The Subcutaneous Heparin and Angioplasty Restenosis Prevention (SHARP) trial. Results of a Multicentre Randomized Trial Investigating the Effects of High Dose Unfractionated Heparin on Angiographic Restenosis and Clinical Outcome - SHARP Prevention


The goal of this study was to assess the safety and efficacy of high-dose subcutaneous unfractionated heparin in the prevention of restenosis among patients after successful percutaneous transluminal coronary angioplasty (PTCA).


Experimental animal data suggested that heparin may influence changes in vascular smooth muscle cells that lead to restenosis. It was therefore hypothesized that high-dose subcutaneous unfractionated heparin therapy for four months after successful PTCA would be associated with a decrease in the rate of restenosis.

Study Design

Patients Enrolled: 339
Mean Follow Up: Four months
Mean Patient Age: Mean age 56 years
Female: 19

Patient Populations:

Patients were eligible to participate in this study if they had symptomatic coronary stenoses, which were treated by successful PTCA.


Patients were excluded if they had restenotic lesions, lesions in conduits, or chronic occlusions.

Primary Endpoints:

The primary endpoint of this trial was the within-patient change in MLD, as assessed by four-month quantitative coronary angiography.

Secondary Endpoints:

The secondary endpoints of this study were the occurrence of death, fatal myocardial infarction, the need for CABG, the need for repeat PTCA, and presence and severity of angina at follow-up.

Drug/Procedures Used:

Eligible patients were randomized to receive either 12,500 IU of subcutaneous unfractionated heparin twice daily for four months or no heparin after successful PTCA.

Concomitant Medications:

All patients were anticoagulated with intravenous unfractionated heparin prior to and for up to 24 hours after their procedure. Additionally, all patients were discharged on aspirin 75 to 300 mg daily.

Principal Findings:

At four-month angiographic follow-up, there were no significant differences between the no heparin and the heparin groups in terms of loss of minimal lumen diameter (MLD) (-0.55 ± 0.58 mm vs. -0.43 ± 0.59 mm; p=0.07) or restenosis (51% vs. 41%; p=0.09). Additionally, there were no significant differences in the incidence of death, fatal myocardial infarction, coronary artery bypass surgery (CABG), or repeat PTCA.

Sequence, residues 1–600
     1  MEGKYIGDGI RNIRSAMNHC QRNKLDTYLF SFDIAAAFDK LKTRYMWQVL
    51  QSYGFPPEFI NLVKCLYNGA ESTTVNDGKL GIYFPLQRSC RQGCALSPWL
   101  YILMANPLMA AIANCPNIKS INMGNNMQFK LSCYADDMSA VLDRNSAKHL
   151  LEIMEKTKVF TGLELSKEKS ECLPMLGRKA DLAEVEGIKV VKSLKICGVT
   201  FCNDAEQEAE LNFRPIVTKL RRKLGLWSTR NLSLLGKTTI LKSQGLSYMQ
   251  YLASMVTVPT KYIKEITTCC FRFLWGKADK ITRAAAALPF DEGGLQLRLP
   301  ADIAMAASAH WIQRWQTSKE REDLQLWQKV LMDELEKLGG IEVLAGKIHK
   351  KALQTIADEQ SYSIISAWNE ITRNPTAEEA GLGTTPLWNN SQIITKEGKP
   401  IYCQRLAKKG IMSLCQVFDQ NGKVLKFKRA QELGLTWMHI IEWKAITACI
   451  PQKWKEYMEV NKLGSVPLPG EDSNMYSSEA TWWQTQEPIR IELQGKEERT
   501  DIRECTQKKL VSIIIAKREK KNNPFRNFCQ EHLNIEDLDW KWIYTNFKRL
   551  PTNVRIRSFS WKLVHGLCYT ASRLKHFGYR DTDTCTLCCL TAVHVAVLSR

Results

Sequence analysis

Among patients with symptomatic coronary artery disease who underwent a successful PTCA for a significant stenosis in one or more coronary arteries, high-dose subcutaneous unfractionated heparin was not associated with a significant difference in the primary endpoint of within-patient change in MLD at four-month coronary angiography.

Additionally, there was no difference in the occurrence of clinical events or angina during the follow-up period. These findings suggest that long-term treatment with high-dose subcutaneous unfractionated heparin is not beneficial in clinical outcomes or the prevention of coronary restenosis after successful PTCA.


Brack MJ, Ray S, Chauhan A, et al. The Subcutaneous Heparin and Angioplasty Restenosis Prevention (SHARP) trial. Results of a multicenter randomized trial investigating the effects of high dose unfractionated heparin on angiographic restenosis and clinical outcome. J Am Coll Cardiol 1995;26:947-54.

Clinical Topics: Anticoagulation Management, Cardiac Surgery, Invasive Cardiovascular Angiography and Intervention, Noninvasive Imaging, Stable Ischemic Heart Disease, Atherosclerotic Disease (CAD/PAD), Aortic Surgery, Cardiac Surgery and SIHD, Interventions and Coronary Artery Disease, Interventions and Imaging, Angiography, Nuclear Imaging, Chronic Angina

Keywords: Coronary Artery Disease, Myocardial Infarction, Follow-Up Studies, Coronary Restenosis, Coronary Angiography, Heparin, Constriction, Pathologic, Coronary Artery Bypass, Muscle, Smooth, Vascular, Angioplasty, Balloon, Coronary

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